October 1 marks the start of the new federal fiscal year (FY2023). As has been customary over the past decade or longer, Congress has not approved individual appropriation bills that fund federal agencies and the programs they administer before the start of the fiscal year. Therefore, as in past years, Congress has approved a continuing resolution to keep programs operating and, in some cases, to provide additional funding rather than freeze current spending.
Child Care Services Association’s T.E.A.C.H. Early Childhood® North Carolina Program announces its newest scholarship opportunity, the Associate Degree Scholarship for Early Childhood Apprentices. This scholarship was developed with the guidance and support of NC’s Division of Child Development and Early Education (DCDEE) to uniquely support the educational and experiential needs of apprentices statewide working in licensed programs that are participating in a Department of Labor registered apprenticeship program.
Read the latest edition of CCSA Communicates, where you can see all of our activity, successes and plans. Highlights from this edition include: A New Chapter for CCSA’s Leadership AWARD$ Becomes AWARD$ Plus New Birth to 3 Quality Initiative CCSA’s Board Member Highlight Durham Pre-K Governance Leadership National News and
In North Carolina and across the country, the child care industry is struggling to recruit and retain workers. It’s a tight labor market and child care programs report difficulty in paying wages that are competitive with other community employers (such as Target or Walmart or McDonalds). Unlike other local employers, child care programs are looking for individuals who have a passion for working with children and also have early childhood competencies important for a business based on promoting the healthy development of children.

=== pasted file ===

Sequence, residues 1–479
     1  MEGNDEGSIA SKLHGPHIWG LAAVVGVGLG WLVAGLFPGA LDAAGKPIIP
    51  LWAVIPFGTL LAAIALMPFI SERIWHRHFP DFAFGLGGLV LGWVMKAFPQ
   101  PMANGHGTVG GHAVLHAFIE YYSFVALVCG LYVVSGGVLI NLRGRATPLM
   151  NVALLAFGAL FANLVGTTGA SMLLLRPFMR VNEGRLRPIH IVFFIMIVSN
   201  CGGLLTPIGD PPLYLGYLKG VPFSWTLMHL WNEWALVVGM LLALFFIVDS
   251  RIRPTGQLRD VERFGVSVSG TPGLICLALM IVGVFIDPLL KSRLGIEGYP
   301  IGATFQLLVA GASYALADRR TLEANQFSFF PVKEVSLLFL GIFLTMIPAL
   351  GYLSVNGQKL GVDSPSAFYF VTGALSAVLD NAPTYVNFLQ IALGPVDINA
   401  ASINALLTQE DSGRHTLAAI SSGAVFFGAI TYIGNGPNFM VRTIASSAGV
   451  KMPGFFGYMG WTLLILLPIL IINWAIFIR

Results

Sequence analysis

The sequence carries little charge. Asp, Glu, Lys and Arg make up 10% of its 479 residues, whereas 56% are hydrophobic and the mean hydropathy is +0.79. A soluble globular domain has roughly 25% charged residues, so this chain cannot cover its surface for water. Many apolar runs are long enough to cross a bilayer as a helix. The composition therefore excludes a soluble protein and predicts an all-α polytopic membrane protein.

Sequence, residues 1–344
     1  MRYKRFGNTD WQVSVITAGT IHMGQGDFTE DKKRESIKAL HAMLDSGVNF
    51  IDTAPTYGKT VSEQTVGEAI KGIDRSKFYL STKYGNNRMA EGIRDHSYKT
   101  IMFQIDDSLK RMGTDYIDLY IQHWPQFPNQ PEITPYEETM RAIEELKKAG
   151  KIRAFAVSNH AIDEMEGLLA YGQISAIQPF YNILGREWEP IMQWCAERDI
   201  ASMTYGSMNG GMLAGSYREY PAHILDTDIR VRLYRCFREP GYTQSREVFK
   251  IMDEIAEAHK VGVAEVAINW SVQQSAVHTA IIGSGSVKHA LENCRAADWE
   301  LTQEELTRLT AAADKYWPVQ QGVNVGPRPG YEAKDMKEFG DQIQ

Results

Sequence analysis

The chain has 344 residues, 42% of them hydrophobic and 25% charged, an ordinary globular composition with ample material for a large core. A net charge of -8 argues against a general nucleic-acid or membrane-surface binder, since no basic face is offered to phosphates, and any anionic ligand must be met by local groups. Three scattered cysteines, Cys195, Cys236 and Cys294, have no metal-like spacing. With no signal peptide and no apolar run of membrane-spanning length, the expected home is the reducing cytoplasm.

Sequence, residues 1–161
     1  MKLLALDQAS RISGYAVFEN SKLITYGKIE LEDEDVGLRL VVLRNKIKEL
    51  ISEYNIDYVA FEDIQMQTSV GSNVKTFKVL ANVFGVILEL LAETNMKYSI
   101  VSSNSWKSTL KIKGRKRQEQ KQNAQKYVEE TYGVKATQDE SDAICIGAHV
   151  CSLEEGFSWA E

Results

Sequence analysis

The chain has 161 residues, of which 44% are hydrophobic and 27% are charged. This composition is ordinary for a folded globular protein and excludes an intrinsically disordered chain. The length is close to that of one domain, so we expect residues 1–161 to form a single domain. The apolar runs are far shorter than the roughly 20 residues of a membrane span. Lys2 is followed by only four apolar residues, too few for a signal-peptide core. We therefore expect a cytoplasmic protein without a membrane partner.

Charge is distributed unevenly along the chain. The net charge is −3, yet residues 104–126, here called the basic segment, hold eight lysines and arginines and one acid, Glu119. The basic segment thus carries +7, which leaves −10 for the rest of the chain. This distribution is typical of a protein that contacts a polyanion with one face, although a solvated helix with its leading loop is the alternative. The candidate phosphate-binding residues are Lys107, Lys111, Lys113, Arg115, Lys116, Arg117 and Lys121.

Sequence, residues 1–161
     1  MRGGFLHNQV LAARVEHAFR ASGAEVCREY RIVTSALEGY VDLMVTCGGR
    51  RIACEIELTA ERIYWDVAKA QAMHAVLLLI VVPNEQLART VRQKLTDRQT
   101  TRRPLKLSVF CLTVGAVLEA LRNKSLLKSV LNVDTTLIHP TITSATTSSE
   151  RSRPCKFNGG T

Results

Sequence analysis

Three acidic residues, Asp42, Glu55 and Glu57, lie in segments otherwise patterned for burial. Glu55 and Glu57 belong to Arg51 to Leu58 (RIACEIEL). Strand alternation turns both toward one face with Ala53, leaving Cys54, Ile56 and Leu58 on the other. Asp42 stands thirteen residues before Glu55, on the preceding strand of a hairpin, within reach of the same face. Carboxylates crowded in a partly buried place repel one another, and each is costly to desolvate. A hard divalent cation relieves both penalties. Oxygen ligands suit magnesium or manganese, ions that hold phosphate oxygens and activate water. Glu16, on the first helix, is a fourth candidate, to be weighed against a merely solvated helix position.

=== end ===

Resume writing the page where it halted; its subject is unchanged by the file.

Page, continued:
This fall, Child Care Services Association (CCSA)’s T.E.A.C.H. Early Childhood® National Center (National Center) will launch a pilot apprenticeship program in six states, including Arkansas, Colorado, Minnesota, Ohio, Pennsylvania and Wisconsin. Arkansas Early Childhood Association, Early Childhood Council Leadership Alliance of Colorado, Child Care Aware® of Minnesota, Ohio Child Care Resource and Referral Association, Pennsylvania Child Care Association and Wisconsin Early Childhood Association will work with the National Center to develop pilot apprenticeship programs.
Union County toddler teacher LaTonya Pegues got her Associate Degree in Early Childhood Education in her 40s, and she is proud that she went back to school and stuck with it. She said, “It was hard, but I did it! I have a son and two grandchildren. I’m a teacher
In this annual report, you will see the remarkable work child care providers have done to give children the stability and certainty they need during a time when instability still controls every aspect of our lives. You will also see the efforts of our great CCSA staff to continue their work with children, families and child care programs as we see through this pandemic.
Today the White House released the framework of the Build Back Better, a historic set of policies and investments in children and families. Child Care Services Association and its T.E.A.C.H. Early Childhood® National Center applauds the framework released today that puts children’s and families’ health, economic security, and child care and preschool at the center of our national investments, reaping benefits for all of us. We call on Congress to get to the finish line and put this important legislation on the President’s desk as soon as possible as we continue to push for paid leave, a necessary component of child and family well-being. We urge states to apply for both the new child care and preschool programs that together build a better system of early learning. Children and families have waited long enough; let’s get to work to make the better future start now.
Wake County infant-toddler teacher Yvonne Blair-Burnette came to early childhood with a wealth of education and experience. With a Master’s Degree in Social Work and multiple early childhood semester hours, she worked for years in early childhood mental health. She visited various centers to help young children with developmental delays